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You Could Win a Craftsy Class!

I’m so pleased to announce another giveaway!

It’s from the fabulous Craftsy.  You could win access to the Knit Lab class for free!

Enter to win a Craftsy class

Knit Lab is the perfect class for:

  • Beginning knitters
  • Knitters who need more confidence
  • Knitters who want to learn more skills, like how to increase, decrease, make a buttonhole, knit lace, block, seam, and read patterns.

Basically, it contains all the essentials to becoming a knitter who can make anything.  And, because it’s a Craftsy class, you’ll be able to watch the videos any time, as many times as you like.  You can pause them and make notes and “bookmarks.”  You can ask the instructor any question, and she’ll answer you.  You’ll have lifetime access to your class, and there are no time limits to learning.

Nice, eh?

All you have to do is click this link to enter.  If you don’t already have a Craftsy account, they’ll ask you to make one.  It’s super easy.

You’ll have until Sunday, March 23rd to enter.  Then, Craftsy will send the lucky winner a link to access the Knit Lab class for free.  (Its regular price is $30.99.)

I’ve already taken a bunch of their classes — Lace Shawl Design with Miriam Felton, Shawlscapes with Stephen West, Sizing Knitwear Patterns with Faina Goberstein, and Knit Lab: Fit Your Knits with Stephanie Japel.  I have thoroughly enjoyed them all.

So, when Craftsy offered me this chance to host a giveaway, I was thrilled to be able to offer you, my fabulous readers, such a nice gift.  Good luck to everyone!  I wish you could all win.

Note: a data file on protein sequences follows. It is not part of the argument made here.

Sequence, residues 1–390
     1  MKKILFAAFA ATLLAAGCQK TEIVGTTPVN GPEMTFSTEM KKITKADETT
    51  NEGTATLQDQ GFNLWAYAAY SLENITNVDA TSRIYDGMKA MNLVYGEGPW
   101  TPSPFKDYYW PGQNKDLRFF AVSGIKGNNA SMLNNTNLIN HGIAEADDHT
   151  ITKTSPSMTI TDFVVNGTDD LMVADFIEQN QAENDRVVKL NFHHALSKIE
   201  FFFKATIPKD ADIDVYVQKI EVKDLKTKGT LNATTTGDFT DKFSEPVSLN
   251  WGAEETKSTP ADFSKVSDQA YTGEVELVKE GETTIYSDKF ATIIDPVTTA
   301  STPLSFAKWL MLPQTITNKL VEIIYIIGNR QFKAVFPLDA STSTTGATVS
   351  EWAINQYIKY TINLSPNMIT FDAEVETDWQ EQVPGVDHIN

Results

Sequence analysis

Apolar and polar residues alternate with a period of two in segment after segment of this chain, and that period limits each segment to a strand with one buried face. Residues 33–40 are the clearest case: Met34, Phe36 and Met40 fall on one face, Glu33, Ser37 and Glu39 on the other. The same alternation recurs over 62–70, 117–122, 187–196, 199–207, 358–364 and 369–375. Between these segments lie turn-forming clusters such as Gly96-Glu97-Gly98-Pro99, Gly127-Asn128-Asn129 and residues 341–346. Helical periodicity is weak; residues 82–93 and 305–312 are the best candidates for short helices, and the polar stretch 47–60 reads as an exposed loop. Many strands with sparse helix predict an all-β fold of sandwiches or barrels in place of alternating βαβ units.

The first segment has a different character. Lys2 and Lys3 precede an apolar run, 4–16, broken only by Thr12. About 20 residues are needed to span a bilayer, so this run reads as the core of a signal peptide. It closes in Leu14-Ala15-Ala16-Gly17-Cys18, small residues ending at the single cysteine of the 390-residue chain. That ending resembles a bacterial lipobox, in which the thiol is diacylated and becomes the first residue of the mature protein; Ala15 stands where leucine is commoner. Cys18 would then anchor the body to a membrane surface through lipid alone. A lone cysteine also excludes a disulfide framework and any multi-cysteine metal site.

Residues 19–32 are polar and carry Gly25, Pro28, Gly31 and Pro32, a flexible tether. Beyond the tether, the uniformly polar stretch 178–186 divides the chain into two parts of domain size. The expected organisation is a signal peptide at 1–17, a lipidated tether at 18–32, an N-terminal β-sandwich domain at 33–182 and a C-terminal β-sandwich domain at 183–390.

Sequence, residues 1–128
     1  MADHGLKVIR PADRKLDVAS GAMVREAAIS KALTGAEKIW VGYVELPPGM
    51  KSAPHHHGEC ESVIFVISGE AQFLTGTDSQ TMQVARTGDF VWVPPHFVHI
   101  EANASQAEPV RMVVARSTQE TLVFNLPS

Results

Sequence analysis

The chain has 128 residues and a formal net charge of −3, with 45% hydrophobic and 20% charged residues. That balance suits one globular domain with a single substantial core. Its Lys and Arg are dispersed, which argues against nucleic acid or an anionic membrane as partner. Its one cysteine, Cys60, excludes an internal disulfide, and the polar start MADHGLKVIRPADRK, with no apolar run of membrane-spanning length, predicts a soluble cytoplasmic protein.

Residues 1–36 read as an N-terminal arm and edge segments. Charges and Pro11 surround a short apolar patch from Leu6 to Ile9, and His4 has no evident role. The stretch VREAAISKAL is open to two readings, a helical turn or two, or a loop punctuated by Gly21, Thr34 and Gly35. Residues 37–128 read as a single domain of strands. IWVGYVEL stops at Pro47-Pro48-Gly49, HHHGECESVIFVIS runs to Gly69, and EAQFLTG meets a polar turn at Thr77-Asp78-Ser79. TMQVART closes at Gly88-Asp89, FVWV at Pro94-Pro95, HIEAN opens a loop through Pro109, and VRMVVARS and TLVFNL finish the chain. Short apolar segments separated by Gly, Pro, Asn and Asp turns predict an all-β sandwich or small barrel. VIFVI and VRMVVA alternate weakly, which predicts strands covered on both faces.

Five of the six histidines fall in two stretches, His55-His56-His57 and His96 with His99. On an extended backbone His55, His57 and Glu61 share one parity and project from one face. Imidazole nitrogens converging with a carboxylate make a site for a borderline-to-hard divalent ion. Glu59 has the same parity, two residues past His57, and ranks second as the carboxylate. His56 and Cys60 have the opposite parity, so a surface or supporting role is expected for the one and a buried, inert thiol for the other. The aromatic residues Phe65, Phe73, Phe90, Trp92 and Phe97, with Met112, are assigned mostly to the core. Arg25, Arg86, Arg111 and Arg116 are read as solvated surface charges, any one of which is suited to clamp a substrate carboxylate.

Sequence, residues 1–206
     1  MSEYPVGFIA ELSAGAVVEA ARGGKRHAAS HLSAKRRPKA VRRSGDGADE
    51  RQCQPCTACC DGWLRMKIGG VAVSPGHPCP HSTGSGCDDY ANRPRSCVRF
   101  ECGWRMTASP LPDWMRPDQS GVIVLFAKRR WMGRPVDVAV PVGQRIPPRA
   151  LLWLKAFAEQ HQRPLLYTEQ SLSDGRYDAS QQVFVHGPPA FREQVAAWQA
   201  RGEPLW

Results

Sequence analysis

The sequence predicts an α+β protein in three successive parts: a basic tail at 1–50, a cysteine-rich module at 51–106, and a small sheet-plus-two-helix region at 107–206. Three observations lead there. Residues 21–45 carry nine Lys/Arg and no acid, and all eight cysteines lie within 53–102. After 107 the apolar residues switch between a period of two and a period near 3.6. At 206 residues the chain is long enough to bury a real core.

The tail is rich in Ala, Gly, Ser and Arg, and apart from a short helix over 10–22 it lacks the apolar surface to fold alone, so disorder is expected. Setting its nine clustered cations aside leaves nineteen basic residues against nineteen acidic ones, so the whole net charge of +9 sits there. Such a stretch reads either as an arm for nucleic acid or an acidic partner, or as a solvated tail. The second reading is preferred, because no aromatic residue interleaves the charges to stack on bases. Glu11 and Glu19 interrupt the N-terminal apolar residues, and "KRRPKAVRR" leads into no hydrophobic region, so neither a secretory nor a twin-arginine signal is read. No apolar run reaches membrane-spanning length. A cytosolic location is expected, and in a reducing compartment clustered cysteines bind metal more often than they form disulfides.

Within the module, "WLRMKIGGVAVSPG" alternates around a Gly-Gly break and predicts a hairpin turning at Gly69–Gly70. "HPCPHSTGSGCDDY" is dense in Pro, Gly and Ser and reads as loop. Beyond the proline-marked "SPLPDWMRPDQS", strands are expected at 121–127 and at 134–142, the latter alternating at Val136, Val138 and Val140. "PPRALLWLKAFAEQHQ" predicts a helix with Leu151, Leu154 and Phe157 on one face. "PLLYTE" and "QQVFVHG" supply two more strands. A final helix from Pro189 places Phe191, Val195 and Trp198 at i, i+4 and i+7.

Craftsy class giveaway March 2014 from  Win Knit Lab!  Click to enter.



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Free Preemie Hats, Upcoming Patterns, and Portraits. Oh My!

Hello, lovely people!

My brain is so full right now, of ideas and deadlines, that I barely know what to say when I do have time to write.  Let me begin in the middle.

Christmas is coming (yay!), and that means we have five little people to buy gifts for (yikes!).  They are all super excited, especially since it snowed at our house overnight and they woke up to a wintery wonderland this morning.  I made the mistake of taking my two oldest ones Christmas shopping for their siblings at Chapters last week, and their wish lists instantly grew by about two feet that day.  Pokemon is the big thing in our house right now.  I am secretly horrified, but trying to look interested in all their cards with the weird names and diverse “powers.”

I’ve been knitting up a storm, trying to make samples, figure out new patterns, knit gifts, and fulfill special orders.  (I’ve recently taken up knitting for non-knitters who want hats.  They can be voracious.  Owl hats are a big hit, and I hope to write up a pattern for them soon, if I can ever find the time.)

Owl hat with plaid collageb

I’m also an artist of sorts.  I say “of sorts” because I’ve barely had a chance to draw or paint since my first baby was born nine years ago.  Now that my youngest is three, I’ve realized that maybe I can get back into painting again!  But first, I’m sticking with the simpler art of drawing.  Pencils don’t dry out when you have to leave them to make lunch.  I’ve decided to sell pencil portraits for the next little while.  It’s an experiment of sorts, trying to figure out just how much creativity I can fit into my life before the dirty dishes really do begin to overtake the kitchen counters.

(This is a drawing I made of my husband and our firstborn as a Christmas present to said husband years ago.  It’s actually a compilation of two photos, since neither of them had the proper expressions in one photo, of course.  Husbands and children never do.)

Pencil drawing of father and son.

I also received a surprise in the mail today.  I had sent my sample hats to Knit Picks before they listed my Merrick hat pattern in the IDP section, and today I received them back!  Eva immediately put the blue one on, and aha! — a revelation — it looks adorable on a three year old.  It turns into a cute little elf-like hat.  (She’s wearing the child size.)